The number of men and women  who brave sun, wind, rain and flood to get in line  for hours indicates that over a year since the pandemic began plaguing these isles, and quite contrary to President Rodrigo Duterte’s fact-challenged claims, more and more Filipinos are convinced of the need to be vaccinated against COVID-19.

Either that, or, rather than contracting the disease, some fear most their being denied financial aid or “ayuda,” or prevented from buying medicine and other needs during the lockdowns in the National Capital Region (NCR) and other areas. Many also fear arrest for being unvaccinated, as Mr. Duterte has threatened in at least three instances.

The regime has since denied that only the vaccinated will receive the Php1,000 to Php 4,000 in aid promised those who will lose their jobs and who will otherwise  be adversely affected during the Enhanced Community Quarantine (ECQ)  period in the capital and elsewhere. Palace spokespersons  have also issued the usual “clarifications” on Mr. Duterte’s repeated threats against the unvaccinated, who number in the tens of millions through no fault of their own, but because, due to the chaos in the government procurement system,  there are not enough vaccines to go around.

Despite government  efforts at correcting its own officials’ blunders,  the reality is that once in the public sphere,  false information — the contradictory phrase “fake news” is the common term for it — has a tendency to linger in  the minds of those  who had earlier been deceived by it. Despite  evidence to the contrary, for example, there are still people who think that Ferdinand Marcos was a war hero  on no other basis than his own claim that he amassed more medals for valor during World War II than anyone else on the planet. 

During the worst crisis in information in this country in decades, when the uncritical mass of the population will believe almost anything, those fears seem embedded enough in the public mind to explain the overcrowding and confusion in many inoculation sites. People who have been in line for hours have after all been told that  vaccine supplies have run out, while those desperate for aid have been besieged by speculations that Mr. Duterte could deny other LGUs ayuda funds from the national government in the same way that he has threatened to do the same to “a certain NCR mayor.”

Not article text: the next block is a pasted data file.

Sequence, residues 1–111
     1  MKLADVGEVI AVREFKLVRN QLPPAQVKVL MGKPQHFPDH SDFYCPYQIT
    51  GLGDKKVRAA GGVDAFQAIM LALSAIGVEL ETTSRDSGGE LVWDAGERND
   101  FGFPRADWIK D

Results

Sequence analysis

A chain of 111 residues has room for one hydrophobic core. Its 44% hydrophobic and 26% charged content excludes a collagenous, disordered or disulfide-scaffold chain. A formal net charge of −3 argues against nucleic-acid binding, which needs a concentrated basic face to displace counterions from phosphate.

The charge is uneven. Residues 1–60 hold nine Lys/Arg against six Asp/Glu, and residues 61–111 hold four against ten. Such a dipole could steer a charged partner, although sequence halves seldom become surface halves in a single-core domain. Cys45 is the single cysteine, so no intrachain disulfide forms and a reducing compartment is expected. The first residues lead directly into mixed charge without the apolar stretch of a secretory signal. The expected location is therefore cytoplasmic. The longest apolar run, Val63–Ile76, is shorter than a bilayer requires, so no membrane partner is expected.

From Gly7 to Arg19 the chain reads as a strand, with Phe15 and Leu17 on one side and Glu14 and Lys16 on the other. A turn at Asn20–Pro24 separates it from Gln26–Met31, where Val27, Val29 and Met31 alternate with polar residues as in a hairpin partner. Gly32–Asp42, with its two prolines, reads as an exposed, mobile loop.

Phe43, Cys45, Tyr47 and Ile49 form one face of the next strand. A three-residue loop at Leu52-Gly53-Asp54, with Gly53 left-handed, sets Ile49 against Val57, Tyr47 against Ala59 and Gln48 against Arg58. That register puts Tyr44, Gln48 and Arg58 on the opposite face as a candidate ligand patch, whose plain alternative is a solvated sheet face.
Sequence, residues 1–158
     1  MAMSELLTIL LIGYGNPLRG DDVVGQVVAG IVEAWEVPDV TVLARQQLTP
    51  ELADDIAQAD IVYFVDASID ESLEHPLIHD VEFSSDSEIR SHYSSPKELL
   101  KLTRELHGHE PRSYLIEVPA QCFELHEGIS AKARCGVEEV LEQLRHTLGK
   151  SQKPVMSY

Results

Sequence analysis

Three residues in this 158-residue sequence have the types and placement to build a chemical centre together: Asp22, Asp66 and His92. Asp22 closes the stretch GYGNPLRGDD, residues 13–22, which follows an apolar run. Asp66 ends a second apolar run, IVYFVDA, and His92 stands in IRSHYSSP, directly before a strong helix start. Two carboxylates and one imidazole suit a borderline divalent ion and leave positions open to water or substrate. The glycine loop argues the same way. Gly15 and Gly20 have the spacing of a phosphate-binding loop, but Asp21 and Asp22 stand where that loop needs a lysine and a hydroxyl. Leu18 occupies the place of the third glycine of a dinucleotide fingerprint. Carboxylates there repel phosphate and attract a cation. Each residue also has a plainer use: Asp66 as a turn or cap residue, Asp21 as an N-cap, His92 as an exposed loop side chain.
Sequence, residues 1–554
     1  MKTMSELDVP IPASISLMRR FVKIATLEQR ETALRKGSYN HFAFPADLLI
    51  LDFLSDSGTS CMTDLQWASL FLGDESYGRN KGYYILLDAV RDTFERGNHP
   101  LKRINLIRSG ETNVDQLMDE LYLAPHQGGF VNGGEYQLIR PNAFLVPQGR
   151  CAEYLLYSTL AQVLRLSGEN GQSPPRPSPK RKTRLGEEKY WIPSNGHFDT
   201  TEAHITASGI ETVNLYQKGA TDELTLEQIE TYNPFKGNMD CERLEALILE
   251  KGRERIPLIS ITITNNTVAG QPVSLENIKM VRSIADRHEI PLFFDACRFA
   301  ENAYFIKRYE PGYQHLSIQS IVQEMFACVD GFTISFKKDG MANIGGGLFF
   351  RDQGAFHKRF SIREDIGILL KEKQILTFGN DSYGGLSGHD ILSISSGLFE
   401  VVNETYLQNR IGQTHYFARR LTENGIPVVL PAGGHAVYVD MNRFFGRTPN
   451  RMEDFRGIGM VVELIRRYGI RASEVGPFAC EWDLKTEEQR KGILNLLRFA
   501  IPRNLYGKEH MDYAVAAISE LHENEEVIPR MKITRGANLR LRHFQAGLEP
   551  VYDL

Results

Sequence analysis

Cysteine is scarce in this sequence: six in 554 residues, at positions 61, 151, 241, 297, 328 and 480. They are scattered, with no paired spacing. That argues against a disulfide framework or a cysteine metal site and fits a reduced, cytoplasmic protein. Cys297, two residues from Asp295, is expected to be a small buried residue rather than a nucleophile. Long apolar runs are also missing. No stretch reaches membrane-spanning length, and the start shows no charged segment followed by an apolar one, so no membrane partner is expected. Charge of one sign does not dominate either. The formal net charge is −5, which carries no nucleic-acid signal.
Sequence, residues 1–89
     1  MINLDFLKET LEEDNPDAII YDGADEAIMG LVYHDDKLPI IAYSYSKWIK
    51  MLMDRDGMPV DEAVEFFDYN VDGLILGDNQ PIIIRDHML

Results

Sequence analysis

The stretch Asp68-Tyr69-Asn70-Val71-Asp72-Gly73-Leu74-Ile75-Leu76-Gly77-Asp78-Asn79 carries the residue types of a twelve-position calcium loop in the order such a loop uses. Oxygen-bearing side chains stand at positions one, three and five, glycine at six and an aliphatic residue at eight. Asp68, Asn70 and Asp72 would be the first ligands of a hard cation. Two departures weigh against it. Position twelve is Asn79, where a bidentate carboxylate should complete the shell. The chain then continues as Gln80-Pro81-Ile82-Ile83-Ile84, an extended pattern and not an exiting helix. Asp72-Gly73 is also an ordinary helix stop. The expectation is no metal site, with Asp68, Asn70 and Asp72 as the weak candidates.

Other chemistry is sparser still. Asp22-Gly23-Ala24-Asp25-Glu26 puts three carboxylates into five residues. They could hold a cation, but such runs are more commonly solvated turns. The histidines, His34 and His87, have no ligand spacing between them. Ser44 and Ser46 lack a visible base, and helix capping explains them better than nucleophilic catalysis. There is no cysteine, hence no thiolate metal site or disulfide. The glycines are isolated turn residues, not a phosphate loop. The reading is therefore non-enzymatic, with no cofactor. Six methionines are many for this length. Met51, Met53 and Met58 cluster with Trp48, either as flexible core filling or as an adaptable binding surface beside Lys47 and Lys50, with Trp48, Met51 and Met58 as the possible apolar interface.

As seemingly dominant as the pro-vaccination frame of mind has become, however, there are nevertheless still divergent, contrary views among the population, such as those of:

(1) individuals opposed to all vaccines whether anti-measles, polio or dengue, whose refusal to have their children immunized led to the reemergence of polio in the Philippines and to a measles outbreak in 2019;

(2) others who are against being inoculated with non-Western-sourced vaccines such as China’s Sinovac, and who prefer either the Pfizer vaccine, Moderna, Janssen, or AstraZeneca and are willing to wait for them to be available; and 

(3)  still others who question the processes through which the anti-COVID vaccines have been tested, vetted and allowed for widespread use, and who argue that their possible risks to human health and life outweigh their claimed benefits. 

Those in the first category remember the 2016-2017 Dengvaxia controversy, when, mostly due to the irresponsible reporting of some media organizations, many families thought that vaccine to be so dangerous to children as to be responsible for some of those inoculated’s catching dengue and dying from it despite the scarcity of evidence  linking one to the other.  Their fear of that one vaccine has morphed into fear of all vaccines.

Those in the second category are only being consistent. They have long been conditioned by the schools, the media and the rest of the dominant US-influenced culture to regard the West as the source of all that is superior. It is a preference strengthened by the negative publicity on their supposedly limited efficacy and safety that Sinovac and other China-sourced vaccines have been getting compared to the favorable media reports on their Western-sourced counterparts.